Reassessing the climatic impacts of the AD 1257 Samalas eruption in Europe and in the Northern Hemisphere using historical archives and tree-rings
The 1257 volcanic signal identified in ice core from Antarctica, Greenland and Bolivia and recently attributed to the Samalas volcano in Indonesia, is by far the largest signal recorded during the past the past millennium. Amounts of sulphate deposited in ice sheets are respectively 10 and 2 times greater than those deposited after the 1991 Pinatubo and the 1815 Tambora eruptions. Stratigraphic and sedimentological analyses of deposits carried out in Indonesia further confirm the exceptional magnitude of this eruption that expelled a minimum of 40 km3 of dense magma at an estimated altitude of 43 km3. Scarcity of annually resolved proxy records extending back to the 13th century has so far hampered to robustly document the climatic perturbations induced by the 1257 Samalas eruption, in terms of severity, spatial extent and duration. Here, drawing on newly exhumed historical archives, ice cores and recently developed tree-ring chronologies we quantify the mean Northern Hemisphere cooling induced by the eruption and we also map the spatial extent of the climatic perturbations triggered by the Samalas eruption for the Northern Hemisphere. Our results suggest that the largest eruption of the past millennium did not trigger a widespread "year without a summer" all over the Northern Hemisphere. While Europe, Japan and part of Siberia were struggling with unseasonable temperatures, other regions such as Alaska were not significantly affected by the climatic anomalies induced by the Samalas eruption.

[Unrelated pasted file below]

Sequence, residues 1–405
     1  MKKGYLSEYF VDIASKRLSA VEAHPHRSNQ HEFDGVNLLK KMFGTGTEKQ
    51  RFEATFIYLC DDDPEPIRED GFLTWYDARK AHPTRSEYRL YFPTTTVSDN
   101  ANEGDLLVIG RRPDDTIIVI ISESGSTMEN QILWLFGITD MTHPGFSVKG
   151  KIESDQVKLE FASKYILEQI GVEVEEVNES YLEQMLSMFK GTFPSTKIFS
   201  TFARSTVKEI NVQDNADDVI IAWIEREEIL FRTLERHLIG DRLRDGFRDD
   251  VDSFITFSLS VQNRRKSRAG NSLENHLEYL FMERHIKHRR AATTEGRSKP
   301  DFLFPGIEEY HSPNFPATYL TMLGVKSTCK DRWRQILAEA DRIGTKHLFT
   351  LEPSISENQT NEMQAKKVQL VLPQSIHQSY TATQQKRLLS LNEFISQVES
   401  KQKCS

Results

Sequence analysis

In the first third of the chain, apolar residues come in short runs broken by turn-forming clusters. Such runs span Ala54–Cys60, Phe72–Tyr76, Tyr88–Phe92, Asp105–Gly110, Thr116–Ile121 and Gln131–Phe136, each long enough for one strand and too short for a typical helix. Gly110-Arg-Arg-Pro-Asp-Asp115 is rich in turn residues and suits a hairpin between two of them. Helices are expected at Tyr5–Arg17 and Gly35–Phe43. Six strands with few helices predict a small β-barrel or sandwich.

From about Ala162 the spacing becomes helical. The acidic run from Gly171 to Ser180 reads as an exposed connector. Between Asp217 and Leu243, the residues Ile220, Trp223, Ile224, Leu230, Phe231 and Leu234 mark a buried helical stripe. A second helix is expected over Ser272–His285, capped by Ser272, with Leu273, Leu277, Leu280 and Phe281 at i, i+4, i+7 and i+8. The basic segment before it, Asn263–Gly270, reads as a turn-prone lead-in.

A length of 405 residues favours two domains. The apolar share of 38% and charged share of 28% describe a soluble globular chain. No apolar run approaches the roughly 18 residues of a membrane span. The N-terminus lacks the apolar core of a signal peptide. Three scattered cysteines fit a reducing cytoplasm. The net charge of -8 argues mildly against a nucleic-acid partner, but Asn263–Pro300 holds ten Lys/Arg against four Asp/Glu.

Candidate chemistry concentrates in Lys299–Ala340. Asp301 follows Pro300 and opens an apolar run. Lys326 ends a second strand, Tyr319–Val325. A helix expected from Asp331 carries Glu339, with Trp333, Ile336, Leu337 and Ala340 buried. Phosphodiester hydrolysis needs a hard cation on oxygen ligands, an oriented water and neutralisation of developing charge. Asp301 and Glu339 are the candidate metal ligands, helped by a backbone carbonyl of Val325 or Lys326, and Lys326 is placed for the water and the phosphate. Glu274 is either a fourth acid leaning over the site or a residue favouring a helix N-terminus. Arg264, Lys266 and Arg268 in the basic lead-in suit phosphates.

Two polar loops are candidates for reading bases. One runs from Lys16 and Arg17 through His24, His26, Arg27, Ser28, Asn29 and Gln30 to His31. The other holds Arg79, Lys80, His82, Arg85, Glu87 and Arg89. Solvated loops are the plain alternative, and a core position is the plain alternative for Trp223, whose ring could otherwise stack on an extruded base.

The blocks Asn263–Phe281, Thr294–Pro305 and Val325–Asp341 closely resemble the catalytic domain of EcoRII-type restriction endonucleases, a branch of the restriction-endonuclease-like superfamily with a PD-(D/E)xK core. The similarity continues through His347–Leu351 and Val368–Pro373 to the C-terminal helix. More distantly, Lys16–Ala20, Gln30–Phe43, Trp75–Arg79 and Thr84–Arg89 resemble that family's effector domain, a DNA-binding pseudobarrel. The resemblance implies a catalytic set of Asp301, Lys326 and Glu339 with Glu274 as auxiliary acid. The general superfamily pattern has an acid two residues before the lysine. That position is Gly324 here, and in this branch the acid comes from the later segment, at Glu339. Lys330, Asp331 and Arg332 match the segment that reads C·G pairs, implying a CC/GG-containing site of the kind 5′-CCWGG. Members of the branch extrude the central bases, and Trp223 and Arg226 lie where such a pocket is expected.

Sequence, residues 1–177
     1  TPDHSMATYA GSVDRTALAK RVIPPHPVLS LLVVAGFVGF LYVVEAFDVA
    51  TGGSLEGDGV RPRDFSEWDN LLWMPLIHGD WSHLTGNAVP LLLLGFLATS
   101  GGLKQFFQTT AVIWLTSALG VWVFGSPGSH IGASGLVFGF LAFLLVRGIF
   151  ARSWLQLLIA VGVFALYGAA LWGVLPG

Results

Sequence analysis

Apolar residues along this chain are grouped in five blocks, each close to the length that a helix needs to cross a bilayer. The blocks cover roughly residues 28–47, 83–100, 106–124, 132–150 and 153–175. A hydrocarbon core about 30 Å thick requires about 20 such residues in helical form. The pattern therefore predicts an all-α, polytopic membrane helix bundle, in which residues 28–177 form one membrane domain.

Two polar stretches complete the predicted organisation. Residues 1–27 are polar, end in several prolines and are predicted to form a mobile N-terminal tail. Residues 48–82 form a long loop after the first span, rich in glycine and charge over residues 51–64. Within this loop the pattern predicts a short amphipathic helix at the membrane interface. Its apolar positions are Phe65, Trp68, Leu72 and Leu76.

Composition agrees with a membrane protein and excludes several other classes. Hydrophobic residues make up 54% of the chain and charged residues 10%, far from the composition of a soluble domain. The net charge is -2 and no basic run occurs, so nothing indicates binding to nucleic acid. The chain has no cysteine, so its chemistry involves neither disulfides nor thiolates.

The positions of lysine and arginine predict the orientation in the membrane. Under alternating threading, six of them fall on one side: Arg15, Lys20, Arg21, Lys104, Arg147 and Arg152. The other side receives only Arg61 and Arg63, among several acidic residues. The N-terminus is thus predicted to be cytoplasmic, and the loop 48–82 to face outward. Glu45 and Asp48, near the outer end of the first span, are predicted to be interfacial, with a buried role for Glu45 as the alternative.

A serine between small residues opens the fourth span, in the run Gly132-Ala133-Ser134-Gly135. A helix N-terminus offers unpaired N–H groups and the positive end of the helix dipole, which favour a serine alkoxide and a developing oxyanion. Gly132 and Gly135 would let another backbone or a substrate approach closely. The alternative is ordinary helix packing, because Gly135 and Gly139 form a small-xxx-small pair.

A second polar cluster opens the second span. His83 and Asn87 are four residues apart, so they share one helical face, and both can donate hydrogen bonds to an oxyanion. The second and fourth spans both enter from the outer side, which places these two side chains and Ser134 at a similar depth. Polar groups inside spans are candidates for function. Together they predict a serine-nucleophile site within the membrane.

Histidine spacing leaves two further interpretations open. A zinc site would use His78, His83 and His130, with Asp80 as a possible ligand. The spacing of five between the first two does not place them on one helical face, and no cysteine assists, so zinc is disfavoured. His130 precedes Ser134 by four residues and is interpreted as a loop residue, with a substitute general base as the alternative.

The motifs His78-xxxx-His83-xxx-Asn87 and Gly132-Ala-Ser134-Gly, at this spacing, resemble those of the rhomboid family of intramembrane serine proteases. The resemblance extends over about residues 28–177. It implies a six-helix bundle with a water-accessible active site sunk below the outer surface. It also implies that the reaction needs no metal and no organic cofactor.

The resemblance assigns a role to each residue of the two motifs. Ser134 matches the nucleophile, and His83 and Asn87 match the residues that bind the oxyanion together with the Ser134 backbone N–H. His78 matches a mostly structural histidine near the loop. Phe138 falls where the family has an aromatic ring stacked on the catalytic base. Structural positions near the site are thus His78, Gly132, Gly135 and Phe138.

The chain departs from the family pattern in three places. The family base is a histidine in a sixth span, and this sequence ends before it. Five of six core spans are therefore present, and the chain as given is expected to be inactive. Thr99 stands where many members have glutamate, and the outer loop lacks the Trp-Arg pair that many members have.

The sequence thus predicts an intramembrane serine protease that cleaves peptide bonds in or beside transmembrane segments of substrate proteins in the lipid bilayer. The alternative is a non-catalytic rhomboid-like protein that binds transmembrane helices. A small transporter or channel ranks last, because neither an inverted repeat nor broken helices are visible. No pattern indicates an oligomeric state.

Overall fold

EGU General Assembly Conference Abstracts
- Pub Date:
- April 2016